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Sandata Technologies, Inc. v. Infocrossing

November 16, 2007


The opinion of the court was delivered by: Theodore H. Katz, United States Magistrate Judge


These related patent infringement actions were referred to this Court for general pretrial supervision. The cases have required an inordinate amount of supervision because of the numerous discovery disputes that have arisen. Presently before the Court are yet additional disputes - these relating to expert discovery.


The instant dispute arises in the following context. In this action, Plaintiff Sandata Technologies, Inc. ("Sandata") asserts that Defendant Infocrossing, Inc. ("Infocrossing") has infringed its patent relating to a telephone call-in system for maintaining time and attendance records of home healthcare workers. Infocrossing, in turn, contends, inter alia, that the Sandata patent is invalid. Thus, on the issue of infringement, Sandata bears the burden of proof and, on the issue of invalidity, Infocrossing bears the burden of proof.

It is routine that the party with the burden of proof on a particular issue be the first to submit its expert reports addressing the issue. The other party then is given the opportunity to submit a rebuttal report and, if requested and allowed by the Court, a reply expert report may follow. See generally Fed. R. Civ. P. 26(a)(2). When the schedule was initially set in this action for the submission of expert reports, Infocrossing's counsel represented that he did not intend to submit any initial expert reports. Consistent with routine practice in this district and elsewhere, the natural and obvious conclusion to be drawn from this statement was that Infocrossing was not going to file an expert report on the issue on which it bore the burden of proof, i.e., invalidity. Sandata was therefore directed to submit its expert reports by July 20, 2007, and Infocrossing was given until August 10 to provide responsive reports.

Sandata served its expert reports as required; however, when Infocrossing submitted what was supposed to be its rebuttal report on infringement, titled Preliminary Expert Report of Kendyl A. Roman ("Roman Report"), in large part the report addressed the issue of invalidity, with only a small section responding to Sandata's report on infringement. Sandata was rightfully concerned that the rebuttal report was in fact an opening report on invalidity, to which it had no opportunity to respond. It therefore requested that the Court strike the Roman Report, or, at a minimum, provide Sandata with an opportunity to submit a rebuttal report on invalidity. In opposing Sandata's request, Infrocrossing's attorney made the unconvincing argument that Sandata was trying to punish Infocrossing because its "expert prepared a more thorough report than Sandata's expert." (Letter from James E. Carty, III, Esq. ("Carty") to the Court, dated Aug. 20, 2007.) Infocrossing therefore argued that there should be no further expert reports but, if the Court permitted Sandata to submit a rebuttal report on invalidity, Infocrossing should be permitted to submit a reply on that same issue.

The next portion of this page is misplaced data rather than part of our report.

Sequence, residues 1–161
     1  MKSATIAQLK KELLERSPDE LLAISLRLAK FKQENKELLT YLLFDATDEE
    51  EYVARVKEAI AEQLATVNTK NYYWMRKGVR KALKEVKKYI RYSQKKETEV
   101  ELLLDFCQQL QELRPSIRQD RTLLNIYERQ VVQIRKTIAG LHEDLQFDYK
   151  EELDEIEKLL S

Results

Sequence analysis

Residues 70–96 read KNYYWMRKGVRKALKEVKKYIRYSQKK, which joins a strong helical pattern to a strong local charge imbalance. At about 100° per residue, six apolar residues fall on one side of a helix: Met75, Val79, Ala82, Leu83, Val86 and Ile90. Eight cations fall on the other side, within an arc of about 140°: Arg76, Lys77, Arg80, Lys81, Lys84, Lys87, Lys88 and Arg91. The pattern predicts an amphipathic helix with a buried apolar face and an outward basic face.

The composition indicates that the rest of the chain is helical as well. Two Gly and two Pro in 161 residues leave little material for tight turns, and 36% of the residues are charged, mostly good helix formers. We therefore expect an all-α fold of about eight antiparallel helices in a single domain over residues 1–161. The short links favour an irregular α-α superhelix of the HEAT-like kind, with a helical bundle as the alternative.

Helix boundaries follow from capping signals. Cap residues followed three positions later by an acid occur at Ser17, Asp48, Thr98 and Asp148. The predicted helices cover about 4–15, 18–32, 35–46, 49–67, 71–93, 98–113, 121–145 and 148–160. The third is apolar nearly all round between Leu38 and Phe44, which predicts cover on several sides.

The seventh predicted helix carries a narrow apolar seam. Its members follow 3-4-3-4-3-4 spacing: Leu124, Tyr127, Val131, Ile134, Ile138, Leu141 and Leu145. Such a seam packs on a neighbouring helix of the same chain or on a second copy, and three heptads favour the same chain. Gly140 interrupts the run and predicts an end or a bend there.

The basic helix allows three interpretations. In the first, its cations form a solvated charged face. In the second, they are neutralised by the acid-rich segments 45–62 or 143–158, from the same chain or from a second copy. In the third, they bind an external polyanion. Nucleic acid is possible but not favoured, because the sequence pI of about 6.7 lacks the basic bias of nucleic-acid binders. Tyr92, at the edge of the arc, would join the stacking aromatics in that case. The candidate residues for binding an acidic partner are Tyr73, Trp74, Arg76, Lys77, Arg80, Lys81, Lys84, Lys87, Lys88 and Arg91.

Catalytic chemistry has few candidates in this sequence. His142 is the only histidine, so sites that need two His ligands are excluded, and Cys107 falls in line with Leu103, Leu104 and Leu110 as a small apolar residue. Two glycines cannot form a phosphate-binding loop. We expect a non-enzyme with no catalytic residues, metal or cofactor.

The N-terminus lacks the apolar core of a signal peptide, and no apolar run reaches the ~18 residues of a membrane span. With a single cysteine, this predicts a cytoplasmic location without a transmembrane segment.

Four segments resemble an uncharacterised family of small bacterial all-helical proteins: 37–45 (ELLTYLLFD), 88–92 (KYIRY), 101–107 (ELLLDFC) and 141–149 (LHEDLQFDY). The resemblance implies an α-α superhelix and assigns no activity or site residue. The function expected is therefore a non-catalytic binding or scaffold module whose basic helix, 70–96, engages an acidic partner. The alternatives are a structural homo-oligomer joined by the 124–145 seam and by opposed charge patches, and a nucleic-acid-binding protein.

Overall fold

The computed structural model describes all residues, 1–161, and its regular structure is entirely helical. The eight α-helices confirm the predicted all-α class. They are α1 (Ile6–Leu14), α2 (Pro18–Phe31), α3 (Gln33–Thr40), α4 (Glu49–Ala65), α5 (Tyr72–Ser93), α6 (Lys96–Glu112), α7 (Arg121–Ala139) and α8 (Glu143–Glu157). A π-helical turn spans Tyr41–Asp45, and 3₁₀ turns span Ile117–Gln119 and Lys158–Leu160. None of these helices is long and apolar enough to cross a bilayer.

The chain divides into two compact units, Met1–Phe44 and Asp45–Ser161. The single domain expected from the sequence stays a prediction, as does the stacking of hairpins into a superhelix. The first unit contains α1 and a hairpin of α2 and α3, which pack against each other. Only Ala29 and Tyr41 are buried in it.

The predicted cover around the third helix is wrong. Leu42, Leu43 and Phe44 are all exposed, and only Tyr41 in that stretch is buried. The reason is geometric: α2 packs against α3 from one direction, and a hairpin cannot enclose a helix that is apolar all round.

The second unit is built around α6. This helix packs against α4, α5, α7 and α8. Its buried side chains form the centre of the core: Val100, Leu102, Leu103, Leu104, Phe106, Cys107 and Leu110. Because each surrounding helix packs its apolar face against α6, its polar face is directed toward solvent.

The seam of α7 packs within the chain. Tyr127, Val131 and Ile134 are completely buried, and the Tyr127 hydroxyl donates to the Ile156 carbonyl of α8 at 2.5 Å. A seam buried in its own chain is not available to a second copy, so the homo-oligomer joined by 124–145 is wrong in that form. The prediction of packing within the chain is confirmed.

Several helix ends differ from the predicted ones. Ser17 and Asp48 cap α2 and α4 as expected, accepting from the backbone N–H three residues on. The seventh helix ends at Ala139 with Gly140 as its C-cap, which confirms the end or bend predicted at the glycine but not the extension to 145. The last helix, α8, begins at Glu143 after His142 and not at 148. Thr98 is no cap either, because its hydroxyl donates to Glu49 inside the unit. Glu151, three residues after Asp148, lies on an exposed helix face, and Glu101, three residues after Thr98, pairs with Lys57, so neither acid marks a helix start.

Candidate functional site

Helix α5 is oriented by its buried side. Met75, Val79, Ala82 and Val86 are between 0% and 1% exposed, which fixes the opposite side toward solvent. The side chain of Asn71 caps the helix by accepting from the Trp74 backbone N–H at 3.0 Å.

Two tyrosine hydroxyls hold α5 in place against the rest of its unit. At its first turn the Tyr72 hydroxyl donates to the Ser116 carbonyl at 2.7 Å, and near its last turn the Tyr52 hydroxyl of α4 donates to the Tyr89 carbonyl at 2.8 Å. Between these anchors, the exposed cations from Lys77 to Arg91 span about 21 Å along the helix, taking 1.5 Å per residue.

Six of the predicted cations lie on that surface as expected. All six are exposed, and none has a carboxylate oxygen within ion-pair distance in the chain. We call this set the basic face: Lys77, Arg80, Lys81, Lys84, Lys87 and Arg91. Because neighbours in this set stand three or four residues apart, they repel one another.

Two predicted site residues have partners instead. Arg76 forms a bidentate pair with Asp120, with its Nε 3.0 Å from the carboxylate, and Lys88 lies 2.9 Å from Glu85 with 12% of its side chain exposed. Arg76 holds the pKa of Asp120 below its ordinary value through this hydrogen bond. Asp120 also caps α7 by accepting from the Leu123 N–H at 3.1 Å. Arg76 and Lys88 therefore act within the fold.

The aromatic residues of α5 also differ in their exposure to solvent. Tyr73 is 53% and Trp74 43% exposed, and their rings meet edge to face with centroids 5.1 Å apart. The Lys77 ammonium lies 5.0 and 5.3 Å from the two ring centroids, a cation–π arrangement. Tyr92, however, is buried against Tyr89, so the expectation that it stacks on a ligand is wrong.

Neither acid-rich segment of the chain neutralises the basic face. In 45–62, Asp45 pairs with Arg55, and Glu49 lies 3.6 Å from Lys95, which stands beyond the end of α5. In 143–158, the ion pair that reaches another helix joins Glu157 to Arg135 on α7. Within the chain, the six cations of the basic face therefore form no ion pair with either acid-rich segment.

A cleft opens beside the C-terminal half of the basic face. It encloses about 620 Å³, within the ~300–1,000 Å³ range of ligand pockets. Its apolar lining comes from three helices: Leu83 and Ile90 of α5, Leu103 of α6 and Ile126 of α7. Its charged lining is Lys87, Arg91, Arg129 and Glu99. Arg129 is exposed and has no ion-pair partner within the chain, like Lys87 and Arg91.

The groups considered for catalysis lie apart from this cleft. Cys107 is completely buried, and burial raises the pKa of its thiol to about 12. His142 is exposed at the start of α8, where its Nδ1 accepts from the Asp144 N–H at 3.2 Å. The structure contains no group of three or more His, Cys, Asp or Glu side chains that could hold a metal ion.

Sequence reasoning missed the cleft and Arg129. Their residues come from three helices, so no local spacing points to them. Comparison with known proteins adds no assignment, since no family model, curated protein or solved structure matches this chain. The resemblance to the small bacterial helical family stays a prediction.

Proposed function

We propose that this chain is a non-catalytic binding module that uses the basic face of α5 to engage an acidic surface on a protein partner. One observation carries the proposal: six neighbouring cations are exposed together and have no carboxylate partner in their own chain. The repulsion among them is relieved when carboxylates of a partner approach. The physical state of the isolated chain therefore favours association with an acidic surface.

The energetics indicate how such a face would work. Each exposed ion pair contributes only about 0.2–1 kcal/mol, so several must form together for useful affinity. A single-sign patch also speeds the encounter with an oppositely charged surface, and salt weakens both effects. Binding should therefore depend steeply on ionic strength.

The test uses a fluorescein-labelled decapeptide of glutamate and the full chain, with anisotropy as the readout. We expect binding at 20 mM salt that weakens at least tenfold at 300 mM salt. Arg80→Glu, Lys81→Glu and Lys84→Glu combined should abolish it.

The Court agreed with Sandata's position but, rather than striking Infocrossing's report, allowed Sandata to submit a rebuttal report on invalidity, by September 12, 2007. The Court explicitly denied Infocrossing leave to submit a reply. (See Memorandum Endorsed Order, dated Sept. 11, 2007.) There had previously been no requests by the parties for the submission of reply reports, and the Court's expert discovery schedule did not provide for replies. Moreover, if the Court permitted Infocrossing to submit a reply on invalidity, fairness would dictate that Sandata be given the right to reply on the issue of infringement, and the Court saw no need to belabor the proceedings in such a fashion. The Court subsequently extended the expert discovery deadline to October 5, 2007, in order to allow for completion of expert depositions.

Sandata submitted its rebuttal report on September 12, 2007. Infocrossing's attorney claimed, however, that the report was untimely because, instead of receiving it by 4:00 P.M., it was faxed to him after midnight. He therefore asked that it be stricken or, at a minimum, that the October 5 deadline for completing expert depositions be extended by thirty days, to November 5.*fn1 Infocrossing's counsel claimed that his expert was abroad and it was necessary for them to consult about the Sandata rebuttal report, which addressed technical matters, prior to the deposition of Sandata's expert. Notwithstanding objection to the extension by Sandata, the Court extended the discovery deadline to October 15, 2007, to allow Infocrossing's attorney additional time to consult with his expert in preparation for the deposition of Sandata's expert. Subsequently, in response to further appeals by Infocrossing's attorney, the Court extended the deadline for deposing experts to October 19, 2007.